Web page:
Please don’t pay $8,000 for an infusion of young blood
There are so many better ways to spend your money.
If you live in Los Angeles, San Francisco, Tampa, Omaha, or Houston, have a spare $8,000, and are dead-set on trying an unproven, possibly dangerous medical procedure—you’re in luck. Ambrosia Medical, a start-up that aims to treat the effects of aging by infusing blood plasma from young people into older people, has clinics in those cities up and running, according to its website and reports from Business Insider.
Ambrosia, a startup founded in 2017 by Jesse Karmazin (who went to medical school, but isn’t licensed to practice medicine), promotes its treatments based on the idea that young plasma can counteract aging and rejuvenate old organs.
The problem is, there’s still no evidence that young plasma can actually do that.
“As far as I know, the science hasn’t changed,” says Michael Conboy, a bioengineering researcher at UC Berkeley who’s studied young and old blood in rodents along with his wife, Irene Conboy, also a bioengineering professor at Berkeley.
Some research in rats has shown that older rodents benefit from a supply of younger blood, but most such studies, including ones done by the Conboys, involve a technique called parabiosis, which surgically joins the circulatory systems of the animals—so, while the younger blood does flow into the older animals, they also have the benefit of using the younger animals’ organs and systems like the lungs and cardiovascular system. Injections of a protein that’s more prevalent in the blood of young mice has been shown to have some anti-aging effects in rodents. But a small study in humans from the California company Alkahest showed little, if any, benefit for Alzheimer’s patients, and it’s still far too early to know if or how a blood transfusion would affect humans. “The science just isn’t in yet,” Conboy says.
Ambrosia has already been offering young blood to consumers out in California, and ran a clinical trial—which didn’t have a control group—in 81 people starting in 2017. David Wright, a physician who runs an infusion clinic delivering vitamin and antioxidant “alternative therapy infusions,” conducted the trial, which charged $8,000 for participation (patients usually don’t have to pay to participate in clinical trials). The company claims the results were promising, but there aren’t any published results, so we don’t know for sure.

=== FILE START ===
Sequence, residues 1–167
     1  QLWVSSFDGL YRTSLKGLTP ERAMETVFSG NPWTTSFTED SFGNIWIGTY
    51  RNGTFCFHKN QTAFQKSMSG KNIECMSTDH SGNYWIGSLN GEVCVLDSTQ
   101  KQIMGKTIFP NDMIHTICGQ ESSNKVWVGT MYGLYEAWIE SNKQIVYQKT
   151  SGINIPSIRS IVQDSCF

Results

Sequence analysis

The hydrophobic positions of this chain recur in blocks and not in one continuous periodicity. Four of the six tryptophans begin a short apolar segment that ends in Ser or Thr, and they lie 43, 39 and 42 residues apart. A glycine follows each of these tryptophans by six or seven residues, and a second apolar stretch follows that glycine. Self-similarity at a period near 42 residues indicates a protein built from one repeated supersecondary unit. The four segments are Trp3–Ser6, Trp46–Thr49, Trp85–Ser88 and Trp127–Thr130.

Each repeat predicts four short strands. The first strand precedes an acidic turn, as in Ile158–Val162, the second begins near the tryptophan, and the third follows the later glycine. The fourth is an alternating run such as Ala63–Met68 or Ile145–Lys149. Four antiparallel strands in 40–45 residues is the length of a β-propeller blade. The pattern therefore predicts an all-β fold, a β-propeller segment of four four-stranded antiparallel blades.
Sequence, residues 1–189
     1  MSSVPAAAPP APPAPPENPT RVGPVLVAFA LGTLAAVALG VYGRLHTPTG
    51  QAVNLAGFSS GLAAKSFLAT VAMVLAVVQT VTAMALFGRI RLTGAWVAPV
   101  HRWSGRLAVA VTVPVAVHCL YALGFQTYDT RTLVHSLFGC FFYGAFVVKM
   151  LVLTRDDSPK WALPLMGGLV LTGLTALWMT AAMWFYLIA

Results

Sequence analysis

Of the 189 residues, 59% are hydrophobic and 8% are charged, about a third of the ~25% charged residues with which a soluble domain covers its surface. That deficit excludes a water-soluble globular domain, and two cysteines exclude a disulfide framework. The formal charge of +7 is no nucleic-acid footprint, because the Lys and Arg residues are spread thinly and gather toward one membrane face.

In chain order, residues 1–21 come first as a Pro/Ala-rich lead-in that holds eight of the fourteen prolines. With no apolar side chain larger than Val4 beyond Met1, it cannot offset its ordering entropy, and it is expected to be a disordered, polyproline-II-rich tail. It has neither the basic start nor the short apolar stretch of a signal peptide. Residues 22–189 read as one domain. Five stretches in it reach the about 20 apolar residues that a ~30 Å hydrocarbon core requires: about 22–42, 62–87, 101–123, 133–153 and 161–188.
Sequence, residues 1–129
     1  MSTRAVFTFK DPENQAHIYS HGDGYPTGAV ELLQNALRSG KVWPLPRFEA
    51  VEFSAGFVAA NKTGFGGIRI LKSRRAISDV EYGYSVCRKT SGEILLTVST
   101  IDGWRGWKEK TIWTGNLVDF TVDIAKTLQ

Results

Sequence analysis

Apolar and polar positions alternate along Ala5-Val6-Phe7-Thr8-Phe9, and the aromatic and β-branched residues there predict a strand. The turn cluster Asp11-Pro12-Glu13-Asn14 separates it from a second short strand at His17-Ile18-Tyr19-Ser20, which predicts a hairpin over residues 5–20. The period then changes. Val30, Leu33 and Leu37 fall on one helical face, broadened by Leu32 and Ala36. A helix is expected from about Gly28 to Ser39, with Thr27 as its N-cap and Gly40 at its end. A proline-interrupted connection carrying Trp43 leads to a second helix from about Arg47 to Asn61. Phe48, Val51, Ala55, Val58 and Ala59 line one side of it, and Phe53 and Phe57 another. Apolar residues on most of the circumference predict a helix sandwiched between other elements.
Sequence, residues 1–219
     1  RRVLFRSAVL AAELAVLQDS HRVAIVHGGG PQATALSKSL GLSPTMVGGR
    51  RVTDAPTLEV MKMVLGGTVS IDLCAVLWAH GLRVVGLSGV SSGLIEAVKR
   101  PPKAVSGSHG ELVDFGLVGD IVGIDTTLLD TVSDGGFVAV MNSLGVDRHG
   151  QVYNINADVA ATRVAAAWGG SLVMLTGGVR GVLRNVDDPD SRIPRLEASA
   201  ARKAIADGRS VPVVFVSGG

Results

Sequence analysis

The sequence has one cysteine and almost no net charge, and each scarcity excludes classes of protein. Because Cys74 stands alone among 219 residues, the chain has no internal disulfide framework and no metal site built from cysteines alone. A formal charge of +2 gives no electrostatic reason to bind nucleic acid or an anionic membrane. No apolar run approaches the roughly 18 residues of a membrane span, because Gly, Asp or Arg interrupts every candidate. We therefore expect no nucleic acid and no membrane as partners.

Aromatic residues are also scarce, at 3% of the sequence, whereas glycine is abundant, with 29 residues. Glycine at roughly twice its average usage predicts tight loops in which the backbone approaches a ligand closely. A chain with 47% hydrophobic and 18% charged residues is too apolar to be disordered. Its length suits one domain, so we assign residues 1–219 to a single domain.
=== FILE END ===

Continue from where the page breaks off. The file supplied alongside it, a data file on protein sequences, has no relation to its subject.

“If I were them, I’d try to find some academic group with no economic ties to have them objectively review the data,” Conboy says. “It’s bad enough that they’re the ones collecting and managing the data.”
Blood is already considered a drug by the Food and Drug Administration, which regulates blood products and blood transfusions, so the company isn’t operating under any additional regulations or guidances. Blood transfusions are generally considered safe, and millions of people receive them each year. But while serious complications are rare, there are still risks of adverse effects like allergic reactions, rejection, lung injury, or immune reactions, which can arise even weeks after transfusion.
“If you’re in an accident, and you’re going to go into shock or die without a transfusion, the risks are worth it,” Conboy says. But people probably shouldn’t have a transfusion unnecessarily, with no proof of benefit.
Young blood is still interesting to researchers, even if it’s not ready for use in the clinic yet: there might be proteins and molecules with medical potential in young blood and negative effects in old blood. But until they’re identified and treatments are rigorously tested, there are better, healthier uses for $8,000.